Lawdy, did I work hard yesterday. Lawdy, did I sleep hard last night. But as you all know, it was a deserved, good sleep, and I'd probably still be sawin' 'em off it my bladder hadn't insisted I get up at six bells.
I got my loverly cauliflower baby seedlings (teen-aged they were, really) planted in their raised bed and covered with the cold frame for the night. They suffered a smidge from transplant shock, but already this morning they look much better than they did last night.
This is a new (to me) cauliflower I'm trying this year. An old heirloom from Sustainable Seed Company which supposedly has "self-wrapping leaves which shield the snow-white heads from the sun." This eliminates the need to tie the leaves up over the heads as they mature. The name? Self-Blanching Cauliflower. How's that for originality?
I edged the asparagus/Everbearing strawberry patch (all the time muttering bad words about the dang quack grass which never gives up trying to sneak into the garden soil), and then cross-creeping along on hands and knees, I weeded the asparagus and strawberries, then mulched the asparagus with straw.
After getting the asparagus mulched, the last wheelbarrow was still nearly full so I used that to mulch the raised bed containing our rhubarb and comfrey.
Helped (grunt-groan, puff-puff) Papa Pea move our two ancient, but still usable, snowmobiles from one storage spot to another. (This would have been oh-so-much easier if it had been done when snow was on the ground and they could have been started and driven to their new home. But I'm not pointing fingers. There are multitudinous tasks I never get done in a timely manner. 'Magine that.)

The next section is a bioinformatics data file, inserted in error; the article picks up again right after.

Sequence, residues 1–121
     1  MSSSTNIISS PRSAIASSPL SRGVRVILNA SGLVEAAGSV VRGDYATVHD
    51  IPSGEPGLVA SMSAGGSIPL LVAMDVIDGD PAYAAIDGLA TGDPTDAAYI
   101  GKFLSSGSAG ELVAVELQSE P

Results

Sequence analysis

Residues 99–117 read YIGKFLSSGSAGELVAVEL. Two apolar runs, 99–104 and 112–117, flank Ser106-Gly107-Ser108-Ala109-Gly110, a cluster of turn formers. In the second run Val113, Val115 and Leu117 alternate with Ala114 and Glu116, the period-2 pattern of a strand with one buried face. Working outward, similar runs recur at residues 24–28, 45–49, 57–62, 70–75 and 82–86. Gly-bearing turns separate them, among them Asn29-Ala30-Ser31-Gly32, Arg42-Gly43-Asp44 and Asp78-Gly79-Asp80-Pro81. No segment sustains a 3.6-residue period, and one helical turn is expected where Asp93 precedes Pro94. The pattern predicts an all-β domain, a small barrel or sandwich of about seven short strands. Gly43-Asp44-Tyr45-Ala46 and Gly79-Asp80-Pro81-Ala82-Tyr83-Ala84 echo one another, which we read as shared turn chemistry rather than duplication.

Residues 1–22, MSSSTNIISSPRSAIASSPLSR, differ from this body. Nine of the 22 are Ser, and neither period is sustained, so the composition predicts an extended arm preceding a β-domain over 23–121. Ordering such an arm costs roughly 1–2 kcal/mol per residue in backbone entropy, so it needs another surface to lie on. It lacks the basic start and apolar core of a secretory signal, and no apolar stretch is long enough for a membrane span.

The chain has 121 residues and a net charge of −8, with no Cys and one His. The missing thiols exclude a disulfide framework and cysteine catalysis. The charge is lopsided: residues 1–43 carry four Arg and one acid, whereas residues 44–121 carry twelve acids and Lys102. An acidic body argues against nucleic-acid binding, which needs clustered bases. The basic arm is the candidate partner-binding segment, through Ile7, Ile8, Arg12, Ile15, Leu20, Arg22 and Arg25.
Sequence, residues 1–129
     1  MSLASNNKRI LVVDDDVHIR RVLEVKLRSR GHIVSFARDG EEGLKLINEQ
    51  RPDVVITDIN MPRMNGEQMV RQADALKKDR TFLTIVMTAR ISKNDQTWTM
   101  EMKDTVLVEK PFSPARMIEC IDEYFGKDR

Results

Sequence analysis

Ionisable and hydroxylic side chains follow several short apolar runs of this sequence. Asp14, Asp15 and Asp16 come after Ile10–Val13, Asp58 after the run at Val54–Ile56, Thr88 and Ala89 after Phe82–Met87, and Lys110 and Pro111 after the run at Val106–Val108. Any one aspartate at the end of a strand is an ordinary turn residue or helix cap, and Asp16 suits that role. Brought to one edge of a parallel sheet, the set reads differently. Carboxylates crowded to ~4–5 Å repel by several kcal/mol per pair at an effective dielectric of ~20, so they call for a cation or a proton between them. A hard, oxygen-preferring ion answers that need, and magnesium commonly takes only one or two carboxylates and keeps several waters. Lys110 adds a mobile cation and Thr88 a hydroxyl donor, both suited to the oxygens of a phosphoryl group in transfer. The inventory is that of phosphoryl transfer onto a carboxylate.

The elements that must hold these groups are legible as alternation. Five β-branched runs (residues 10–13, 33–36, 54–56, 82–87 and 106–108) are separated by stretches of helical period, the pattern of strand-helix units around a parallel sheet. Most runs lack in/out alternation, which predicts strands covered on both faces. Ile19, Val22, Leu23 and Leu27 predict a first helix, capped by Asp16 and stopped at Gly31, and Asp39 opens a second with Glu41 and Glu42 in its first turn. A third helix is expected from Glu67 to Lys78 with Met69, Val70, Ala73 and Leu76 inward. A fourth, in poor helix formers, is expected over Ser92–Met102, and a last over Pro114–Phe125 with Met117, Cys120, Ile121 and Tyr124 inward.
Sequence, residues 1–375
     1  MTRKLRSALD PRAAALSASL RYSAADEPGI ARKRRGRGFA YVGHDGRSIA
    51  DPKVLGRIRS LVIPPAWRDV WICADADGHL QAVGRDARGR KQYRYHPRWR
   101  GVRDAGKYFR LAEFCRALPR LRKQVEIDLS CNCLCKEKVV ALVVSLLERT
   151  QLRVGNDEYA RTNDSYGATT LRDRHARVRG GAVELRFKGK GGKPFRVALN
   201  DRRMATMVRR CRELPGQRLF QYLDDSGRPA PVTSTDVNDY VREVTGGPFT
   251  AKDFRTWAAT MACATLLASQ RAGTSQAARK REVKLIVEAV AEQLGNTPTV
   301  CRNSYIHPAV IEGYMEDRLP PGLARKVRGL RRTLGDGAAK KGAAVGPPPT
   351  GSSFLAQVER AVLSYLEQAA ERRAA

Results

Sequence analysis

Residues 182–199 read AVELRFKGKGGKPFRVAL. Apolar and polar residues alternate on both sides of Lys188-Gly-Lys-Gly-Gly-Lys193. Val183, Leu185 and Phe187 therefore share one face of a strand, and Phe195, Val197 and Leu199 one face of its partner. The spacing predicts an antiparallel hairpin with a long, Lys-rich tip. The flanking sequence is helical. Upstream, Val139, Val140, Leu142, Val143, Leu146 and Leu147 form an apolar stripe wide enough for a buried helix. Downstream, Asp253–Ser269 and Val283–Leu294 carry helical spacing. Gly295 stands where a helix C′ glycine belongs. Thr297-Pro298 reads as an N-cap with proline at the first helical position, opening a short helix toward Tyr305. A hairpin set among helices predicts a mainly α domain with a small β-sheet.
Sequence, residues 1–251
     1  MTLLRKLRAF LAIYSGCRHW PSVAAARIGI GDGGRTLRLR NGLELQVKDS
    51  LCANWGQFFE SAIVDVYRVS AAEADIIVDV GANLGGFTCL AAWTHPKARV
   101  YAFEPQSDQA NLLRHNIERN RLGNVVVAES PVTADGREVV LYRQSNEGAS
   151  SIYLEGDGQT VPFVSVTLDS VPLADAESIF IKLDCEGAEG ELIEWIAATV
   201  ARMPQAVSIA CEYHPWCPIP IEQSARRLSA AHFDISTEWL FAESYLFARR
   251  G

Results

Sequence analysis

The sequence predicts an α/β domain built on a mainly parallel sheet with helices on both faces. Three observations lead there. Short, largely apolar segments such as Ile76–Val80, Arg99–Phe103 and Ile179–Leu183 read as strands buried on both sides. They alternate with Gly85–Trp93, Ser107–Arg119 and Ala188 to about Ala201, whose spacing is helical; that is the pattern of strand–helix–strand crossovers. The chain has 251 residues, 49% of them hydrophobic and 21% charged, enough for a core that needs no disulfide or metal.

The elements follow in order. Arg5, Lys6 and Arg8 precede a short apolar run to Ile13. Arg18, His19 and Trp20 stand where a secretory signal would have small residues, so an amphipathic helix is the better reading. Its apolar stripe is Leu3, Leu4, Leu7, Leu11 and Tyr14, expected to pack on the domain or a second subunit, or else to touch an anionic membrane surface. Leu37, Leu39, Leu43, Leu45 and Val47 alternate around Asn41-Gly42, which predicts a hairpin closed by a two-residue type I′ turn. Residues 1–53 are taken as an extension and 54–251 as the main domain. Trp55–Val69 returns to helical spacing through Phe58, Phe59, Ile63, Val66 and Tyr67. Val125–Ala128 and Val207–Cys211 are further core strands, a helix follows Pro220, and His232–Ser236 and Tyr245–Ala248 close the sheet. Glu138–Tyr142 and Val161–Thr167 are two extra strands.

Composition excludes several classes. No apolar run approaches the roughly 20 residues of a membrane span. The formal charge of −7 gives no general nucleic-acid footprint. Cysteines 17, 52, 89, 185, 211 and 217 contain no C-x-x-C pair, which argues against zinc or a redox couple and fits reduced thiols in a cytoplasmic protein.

More eradicating encroaching quack grass around the whole perimeter of the field garden. Took a wander over to the shell peas and potatoes, both planted last week on the 10th, but nothing showing there yet. I did notice in my meanderings of the day that the raised bed of yellow storage onions I planted on the 6th are just starting to poke through. I plant two 4' x 8' beds of yellow and one of red onions each year. Usually I don't plant any of them this early, but decided to give one bed a try since onions are a bit frost hardy . . . should they have to be.
I replanted two varieties of lettuce in the bed I put in on the sixth. Most varieties (I always do a mixture of red and green lettuces) are sprouted and doing very well, but one of the varieties (I replanted) had sprouted very sparsely and the other was a complete no-show.
I'll end with this picture. On Monday, Papa Pea replaced these two raised bed frames with new ones he constructed. Looks as though we got our money's worth out of these, doesn't it? I'm thinking they were at least twenty years old.
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